By-Election Preview: Tain and Easter Ross (Highland) 13th of June 2024

Ward Profile

Cause of By-Election

I’m very sorry to say we have a much quicker return to both Highland Council by-elections, and specifically to by-elections for Tain and Easter Ross, than anyone would have liked. Independent councillor for the ward, Alasdair Rhind, sadly passed away in the middle of the run up to the Inverness South by-election. Whilst it’s not uncommon to have to report on the sad passing of older councillors, Rhind was only 65, which is no age at all to go these days. A funeral director by trade himself, his funeral was in fact held on the day of the count for that by-election, an oddly fitting parallel for a man who had served so long on the council.

Rhind had been a councillor for near enough 25 years, first having been elected to the Tain West ward under the old First Past the Post system in 1999. In a sign of things to come, he took over from Lib Dem Jamie Stone, who had defeated Rhind for the Tain ward in the 1995 election but was prioritising his (successful) run to be the first MSP for Caithness, Sutherland and Easter Ross on the inaugural Holyrood election held the same day.

Rhind would have remained a councillor for the whole intervening period were it not for a brief spell out of office after the 2017 election, when he was displaced by a different Independent. His absence then was very short lived, as the month following that election, none other than Lib Dem councillor Jamie Stone was elected to the Westminster for that parliament’s Caithness, Sutherland and Easter Ross seat. He duly vacated his freshly-won council seat, and Rhind made a triumphant return at the following by-election.

As this is a effectively repeat, the following Ward Details and Electoral History sections are largely lifted and laid from the preview and results analysis from the previous by-election. Nae need to re-do it all from scratch, eh? Note that as that by-election is more recent, comparisons will primarily be made with reference to that vote rather than the full election.

Ward Details

Tain and Easter Ross is one of 21 wards in the Highland council area, and elects 3 councillors at a full election. Although to my non-local eye this appears to encompass a single peninsula, it doesn’t appear to be particularly or especially named anything bar possibly the “Easter Ross Peninsula” locally. As the name would suggest, the core of the population here is found in Tain, with other settlements of note at Balintore, Portmahomack, Inver, Hill of Fearn, Barbaraville, and the twin villages of Milton and Kildary.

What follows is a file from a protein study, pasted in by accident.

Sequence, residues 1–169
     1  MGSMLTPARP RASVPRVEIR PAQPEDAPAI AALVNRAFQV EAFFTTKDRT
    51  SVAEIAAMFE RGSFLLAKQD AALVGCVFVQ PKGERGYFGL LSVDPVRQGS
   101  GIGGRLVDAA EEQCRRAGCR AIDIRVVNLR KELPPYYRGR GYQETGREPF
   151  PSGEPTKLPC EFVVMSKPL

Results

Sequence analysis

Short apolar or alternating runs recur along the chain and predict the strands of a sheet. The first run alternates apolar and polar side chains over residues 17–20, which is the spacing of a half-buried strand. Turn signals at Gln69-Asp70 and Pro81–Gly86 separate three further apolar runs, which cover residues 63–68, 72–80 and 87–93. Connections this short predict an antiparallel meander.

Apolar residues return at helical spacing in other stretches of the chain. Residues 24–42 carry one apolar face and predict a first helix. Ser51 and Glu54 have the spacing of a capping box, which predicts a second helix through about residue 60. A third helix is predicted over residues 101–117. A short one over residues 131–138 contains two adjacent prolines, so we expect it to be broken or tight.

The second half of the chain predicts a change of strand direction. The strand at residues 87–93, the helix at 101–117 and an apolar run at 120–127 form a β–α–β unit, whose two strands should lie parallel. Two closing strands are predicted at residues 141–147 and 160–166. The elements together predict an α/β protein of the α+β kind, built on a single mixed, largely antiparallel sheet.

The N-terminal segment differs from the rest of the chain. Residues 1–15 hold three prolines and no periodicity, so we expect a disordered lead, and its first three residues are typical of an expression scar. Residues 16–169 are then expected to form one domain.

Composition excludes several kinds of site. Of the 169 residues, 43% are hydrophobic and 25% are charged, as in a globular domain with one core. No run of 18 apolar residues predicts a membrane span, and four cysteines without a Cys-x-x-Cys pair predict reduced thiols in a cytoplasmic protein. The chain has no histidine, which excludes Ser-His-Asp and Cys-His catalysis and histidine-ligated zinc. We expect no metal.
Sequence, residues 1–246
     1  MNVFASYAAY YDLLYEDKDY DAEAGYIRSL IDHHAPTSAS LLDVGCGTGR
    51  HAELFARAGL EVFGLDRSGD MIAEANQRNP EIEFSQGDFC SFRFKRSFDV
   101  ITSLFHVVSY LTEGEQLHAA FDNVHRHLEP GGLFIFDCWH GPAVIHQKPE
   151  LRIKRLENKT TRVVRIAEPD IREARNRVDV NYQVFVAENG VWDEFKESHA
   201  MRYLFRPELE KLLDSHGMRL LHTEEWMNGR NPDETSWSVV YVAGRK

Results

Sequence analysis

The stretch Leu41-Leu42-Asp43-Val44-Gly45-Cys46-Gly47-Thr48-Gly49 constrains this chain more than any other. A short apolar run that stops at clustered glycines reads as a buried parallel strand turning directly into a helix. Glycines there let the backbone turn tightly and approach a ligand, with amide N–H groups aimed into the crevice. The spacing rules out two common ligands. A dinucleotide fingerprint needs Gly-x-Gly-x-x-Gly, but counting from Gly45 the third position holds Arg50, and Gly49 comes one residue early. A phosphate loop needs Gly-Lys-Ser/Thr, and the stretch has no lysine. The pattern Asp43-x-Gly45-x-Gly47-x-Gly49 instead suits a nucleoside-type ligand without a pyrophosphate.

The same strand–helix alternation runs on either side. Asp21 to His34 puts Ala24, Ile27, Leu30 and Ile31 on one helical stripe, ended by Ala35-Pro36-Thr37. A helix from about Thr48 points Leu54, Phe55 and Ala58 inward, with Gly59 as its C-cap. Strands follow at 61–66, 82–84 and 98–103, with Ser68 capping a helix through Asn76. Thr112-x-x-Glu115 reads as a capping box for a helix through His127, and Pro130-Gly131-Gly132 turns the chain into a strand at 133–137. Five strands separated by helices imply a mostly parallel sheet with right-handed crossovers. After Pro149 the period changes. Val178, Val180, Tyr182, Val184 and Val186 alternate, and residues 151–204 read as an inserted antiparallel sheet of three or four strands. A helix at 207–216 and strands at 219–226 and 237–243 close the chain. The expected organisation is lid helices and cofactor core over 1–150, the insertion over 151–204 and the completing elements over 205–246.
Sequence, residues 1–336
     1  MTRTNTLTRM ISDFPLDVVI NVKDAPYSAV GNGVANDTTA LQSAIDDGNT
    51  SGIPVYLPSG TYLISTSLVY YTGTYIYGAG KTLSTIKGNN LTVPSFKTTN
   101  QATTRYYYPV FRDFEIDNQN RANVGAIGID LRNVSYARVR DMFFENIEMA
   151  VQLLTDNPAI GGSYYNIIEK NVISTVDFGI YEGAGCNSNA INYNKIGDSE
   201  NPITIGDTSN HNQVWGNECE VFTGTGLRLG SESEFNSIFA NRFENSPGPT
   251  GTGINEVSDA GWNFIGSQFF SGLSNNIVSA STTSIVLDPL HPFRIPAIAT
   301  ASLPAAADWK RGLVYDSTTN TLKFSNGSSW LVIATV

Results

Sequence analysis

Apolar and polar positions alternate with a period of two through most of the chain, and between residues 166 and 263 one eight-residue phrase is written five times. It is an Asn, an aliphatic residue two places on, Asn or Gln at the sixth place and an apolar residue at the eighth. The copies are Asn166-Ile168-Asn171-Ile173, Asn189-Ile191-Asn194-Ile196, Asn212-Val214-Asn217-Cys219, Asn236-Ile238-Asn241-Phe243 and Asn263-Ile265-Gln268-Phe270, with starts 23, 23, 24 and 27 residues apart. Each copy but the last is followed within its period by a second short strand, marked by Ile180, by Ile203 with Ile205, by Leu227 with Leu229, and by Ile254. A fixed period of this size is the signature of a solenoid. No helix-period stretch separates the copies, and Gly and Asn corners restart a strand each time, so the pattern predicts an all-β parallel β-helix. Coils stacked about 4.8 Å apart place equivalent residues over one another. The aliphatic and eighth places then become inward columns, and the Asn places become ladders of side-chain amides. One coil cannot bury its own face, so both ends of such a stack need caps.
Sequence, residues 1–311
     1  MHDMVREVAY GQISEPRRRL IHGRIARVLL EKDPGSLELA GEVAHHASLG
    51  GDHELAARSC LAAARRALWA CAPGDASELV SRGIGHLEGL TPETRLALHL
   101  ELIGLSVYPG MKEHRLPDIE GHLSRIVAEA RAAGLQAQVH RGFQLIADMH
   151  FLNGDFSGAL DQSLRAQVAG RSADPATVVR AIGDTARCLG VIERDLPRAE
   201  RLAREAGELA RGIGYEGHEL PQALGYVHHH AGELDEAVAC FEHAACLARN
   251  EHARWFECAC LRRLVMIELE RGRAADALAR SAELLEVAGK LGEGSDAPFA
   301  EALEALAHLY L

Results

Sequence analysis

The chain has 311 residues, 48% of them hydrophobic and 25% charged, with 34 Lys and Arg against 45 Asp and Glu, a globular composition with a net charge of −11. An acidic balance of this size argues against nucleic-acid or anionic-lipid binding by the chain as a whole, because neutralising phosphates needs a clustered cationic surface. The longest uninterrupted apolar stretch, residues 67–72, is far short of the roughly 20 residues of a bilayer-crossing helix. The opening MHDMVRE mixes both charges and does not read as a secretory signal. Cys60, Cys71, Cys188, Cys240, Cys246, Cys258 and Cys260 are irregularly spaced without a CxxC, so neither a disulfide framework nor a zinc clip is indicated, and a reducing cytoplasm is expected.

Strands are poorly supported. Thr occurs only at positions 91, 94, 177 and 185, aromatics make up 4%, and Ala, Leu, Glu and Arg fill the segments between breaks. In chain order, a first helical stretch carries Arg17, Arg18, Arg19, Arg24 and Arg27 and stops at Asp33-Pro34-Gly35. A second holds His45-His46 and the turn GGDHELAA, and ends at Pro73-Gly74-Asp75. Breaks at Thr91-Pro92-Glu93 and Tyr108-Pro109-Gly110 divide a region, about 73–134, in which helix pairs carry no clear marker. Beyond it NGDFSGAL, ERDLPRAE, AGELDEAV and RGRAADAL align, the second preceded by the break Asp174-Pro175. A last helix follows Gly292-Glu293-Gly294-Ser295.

For elections to the Scottish Parliament, the ward is within the Caithness, Sutherland and Ross constituency, which the SNP have held (with a different MSP at every election) since gaining it from the Lib Dems in 2011. The UK Parliament equivalent is Caithness, Sutherland and Easter Ross, which has been Lib Dem consistently except for the SNP’s landslide 2015 win. Notably, this is a very rare Westminster constituency larger than a Holyrood counterpart due to rules governing the 2005 boundaries. Those were largely removed in the most recent review, and so whilst the redrawn constituency will retain the name, it’s massively expanded.

Electoral History

For the first two elections, the ward returned the same pattern of councillors: a pair of Independents, plus a Lib Dem. However only one of those Independents, Alasdair Rhind, was the same across elections. Later on in 2007 the Lib Dem councillor Richard Durham shifted to sit as an Independent whilst the other elected Independent, Alan Torrance, joined the SNP. Torrance sadly passed in 2011, prompting a by-election that brought Independent Fiona Robertson into the ward for the first time. In 2012, Rhind and Robertson were both re-elected, and former MSP Jamie Stone took up the Lib Dem seat, defeating his former party colleague running as an Independent.

Despite their national strength it took until the 2017 election for the SNP to get a look-in with a seat in the ward, which they did by knocking Rhind out. His absence was very short lived however as Jamie Stone was elected to the UK Parliament the following month, triggering a by-election that Rhind easily won. Although 2022 replicated the partisan pattern of 2017, this time it was Robertson who was the loser between the two local Independents. When Lib Dem councillor Sarah Rawlings stood down due to ill health, that vacancy was filled by Independent Maureen Ross.